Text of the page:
Which is more important to the success of a church: structure or relationships?
The answer is not as clear as you might think. If you say relationships, you’ll end up with a church where everyone loves each other but nothing gets done. It’ll feel a lot like five year olds playing soccer – a whole lot of fun and not a lot of progress. But if you say structure, you’ll have great programs that produce little life change. It’ll feel a lot like working at a company with a great business plan but surprisingly few customers.
I would respond to my own question by saying it’s a bad question. Many times, the church sees structure and relationships as polar opposites. They aren’t. They work together. A good church needs both.
The key is making sure you create structures that facilitate relationships.
Lives are transformed in the context of relationships. Jesus invited 12 ordinary men to become His inner circle (Mark 3:13-19). The early church was radically communal (Acts 2:42-47). Paul poured his life into Timothy and Timothy poured his life into the Ephesian church. (1 Timothy 1:1-3). Paul’s heart for discipleship is evident in 1 Thessalonians 2:8, “So, being affectionately desirous of you, we were ready to share with you not only the gospel of God but also our own selves, because you had become very dear to us.”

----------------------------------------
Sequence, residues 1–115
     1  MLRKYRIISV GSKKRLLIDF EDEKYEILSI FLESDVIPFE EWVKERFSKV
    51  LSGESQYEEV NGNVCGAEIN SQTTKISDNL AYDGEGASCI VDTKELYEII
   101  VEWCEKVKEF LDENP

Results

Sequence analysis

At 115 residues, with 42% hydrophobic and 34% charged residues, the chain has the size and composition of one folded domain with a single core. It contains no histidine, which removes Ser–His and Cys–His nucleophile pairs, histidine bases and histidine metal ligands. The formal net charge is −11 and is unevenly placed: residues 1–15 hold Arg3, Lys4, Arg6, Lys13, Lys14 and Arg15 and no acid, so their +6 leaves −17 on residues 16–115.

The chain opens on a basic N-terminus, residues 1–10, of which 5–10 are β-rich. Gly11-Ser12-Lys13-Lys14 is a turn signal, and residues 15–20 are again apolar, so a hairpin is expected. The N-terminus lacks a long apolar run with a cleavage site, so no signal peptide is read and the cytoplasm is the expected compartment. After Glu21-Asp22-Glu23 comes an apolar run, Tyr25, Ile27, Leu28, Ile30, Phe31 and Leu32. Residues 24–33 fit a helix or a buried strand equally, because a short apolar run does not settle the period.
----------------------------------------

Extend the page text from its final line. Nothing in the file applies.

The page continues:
Want to be more like Jesus? Live life in a community of people who love Jesus, love the Bible, love each other and love you. Dig into the Word together. Pray together. Care for one another. Call each other out on sin. Speak life into each other’s souls. It’s all about relationships.
We need people way more than we need a program.
When structures facilitate those kinds of relationships, they’re invaluable. When they take the place of relationships, they’re deadly. At Restoration City, we create Community Groups and Life Groups to facilitate these relationships. Community Groups are the entry point. They’re co-ed, open to anyone and designed to get you in an environment where people share a meal, study God’s Word and pray together. They’re a great way to start connecting with our church and continue growing in Christ. But, ultimately, you’ll need something more. That’s where Life Groups come in. These are much smaller, single gender relationships that you form with 2-4 others for accountability, confession of sin and spiritual care. It’s in these smaller, safer environments that God does His deepest work.
Good structures serve, not subvert, relationships. But don’t ever forget that structures are a means to an end. Don’t put your hope in a Community Group or Life Group. Use those as a vehicle to cultivate the relationships you need to grow more like Christ. Don’t just go to a Community Group, be fully engaged in the life of the group. Don’t settle for shallow. Push for deep. Use everything as an opportunity to cultivate the relationships that will transform your soul.